Automatic Differentiation in PyTorch

requires_grad

What distinguishes a tensor used for training data (or validation, or test) from a tensor used as a (trainable) parameter/weight?

device = 'cuda' if torch.cuda.is_available() else 'cpu'# Step 0 - Initializes parameters "b" and "w" randomly
torch.manual_seed(42)
b = torch.randn(1, requires_grad=True, dtype=torch.float, device=device)
w = torch.randn(1, requires_grad=True, dtype=torch.float, device=device)

backward

So, how do we tell PyTorch to do its thing and compute all gradients? That’s the role of the backward() method. It will compute gradients for all (requiring gradient) tensors involved in the computation of a given variable.

# Step 1 - Computes our model's predicted output - forward pass
yhat = b + w * x_train_tensor
# Step 2 - Computes the loss
# We are using ALL data points, so this is BATCH gradient descent.
# How wrong is our model? That's the error!
error = (y_train_tensor - yhat)
# It is a regression, so it computes mean squared error (MSE)
loss = (error ** 2).mean()
# Step 3 - Computes gradients for both "b" and "w" parameters
# No more manual computation of gradients!
loss.backward()
  • b
  • w
  • yhat
  • error

grad

What about the actual values of the gradients? We can inspect them by looking at the grad attribute of each tensor.

b.grad, w.grad

zero_

Every time we use the gradients to update the parameters, we need to zero the gradients afterward. And that’s what zero_() is good for.

# This code will be placed after Step 4 (updating the parameters)
b.grad.zero_(), w.grad.zero_()

Updating Parameters

To update a parameter, we multiply its gradient by a learning rate, flip the sign, and add it to the parameter’s former value. So, let’s first set our learning rate:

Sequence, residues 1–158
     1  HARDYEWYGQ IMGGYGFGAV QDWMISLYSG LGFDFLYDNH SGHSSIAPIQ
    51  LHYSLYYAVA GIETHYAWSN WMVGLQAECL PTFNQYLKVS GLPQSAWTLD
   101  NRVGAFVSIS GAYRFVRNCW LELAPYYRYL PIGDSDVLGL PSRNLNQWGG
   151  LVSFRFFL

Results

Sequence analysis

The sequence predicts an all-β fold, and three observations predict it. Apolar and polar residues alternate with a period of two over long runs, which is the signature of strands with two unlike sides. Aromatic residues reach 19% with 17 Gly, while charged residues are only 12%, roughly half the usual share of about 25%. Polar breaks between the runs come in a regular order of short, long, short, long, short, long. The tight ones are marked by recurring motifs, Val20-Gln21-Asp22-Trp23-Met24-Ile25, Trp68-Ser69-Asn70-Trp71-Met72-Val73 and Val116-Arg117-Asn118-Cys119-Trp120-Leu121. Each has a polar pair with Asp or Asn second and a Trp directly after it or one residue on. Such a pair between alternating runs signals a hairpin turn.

lr = 0.1
# Attempt at Step 4
b -= lr * b.grad
w -= lr * w.grad

no_grad

So, how do we tell PyTorch to “back off” and let us update our parameters without messing up with its fancy dynamic computation graph? That’s what torch.no_grad() is good for. It allows us to perform regular Python operations on tensors, without affecting PyTorch’s computation graph

# Step 4, for real
with torch.no_grad():
b -= lr * b.grad
w -= lr * w.grad
device = 'cuda' if torch.cuda.is_available() else 'cpu'# Step 0 - Initializes parameters "b" and "w" randomly
torch.manual_seed(42)
b = torch.randn(1, requires_grad=True, dtype=torch.float, device=device)
w = torch.randn(1, requires_grad=True, dtype=torch.float, device=device)
lr = 0.1for epoch in range(200):
# Step 1 - Computes our model's predicted output - forward pass
yhat = b + w * x_train_tensor
# Step 2 - Computes the loss
# We are using ALL data points, so this is BATCH gradient descent.
# How wrong is our model? That's the error!
error = (y_train_tensor - yhat)
# It is a regression, so it computes mean squared error (MSE)
loss = (error ** 2).mean()
# Step 3 - Computes gradients for both "b" and "w" parameters
# No more manual computation of gradients!
loss.backward()
# Step 4, for real
with torch.no_grad():
b -= lr * b.grad
w -= lr * w.grad
# This code will be placed after Step 4 (updating the parameters)
b.grad.zero_(), w.grad.zero_()

Dynamic Computation Graph

Unfortunately, no one can be told what the dynamic computation graph is. You have to see it for yourself.

make_dot(yhat)
  • blue boxes ((1)s): these boxes correspond to the tensors we use as parameters, the ones we’re asking PyTorch to compute gradients for
  • gray box (MulBackward0): a Python operation that involves a gradient-computing tensor or its dependencies
  • green box (AddBackward0): the same as the gray box, except that it is the starting point for the computation of gradients (assuming the backward() method is called from the variable used to visualize the graph) — they are computed from the bottom-up in a graph
# New Step 0
b_nograd = torch.randn(1, requires_grad=False, dtype=torch.float, device=device)
w = torch.randn(1, requires_grad=True, dtype=torch.float, device=device)
# New Step 1
yhat = b_nograd + w * x_train_tensor
make_dot(yhat)
b = torch.randn(1, requires_grad=True, dtype=torch.float, device=device)
w = torch.randn(1, requires_grad=True,dtype=torch.float, device=device)
yhat = b + w * x_train_tensor
error = y_train_tensor - yhat
loss = (error ** 2).mean()
# this makes no sense!!
if loss > 0:
yhat2 = w * x_train_tensor
error2 = y_train_tensor - yhat2
# neither does this :-)
loss += error2.mean()
make_dot(loss)

To be continued…

Autograd is just the beginning! Interested in learning more about training a model using PyTorch in a structured, and incremental way?

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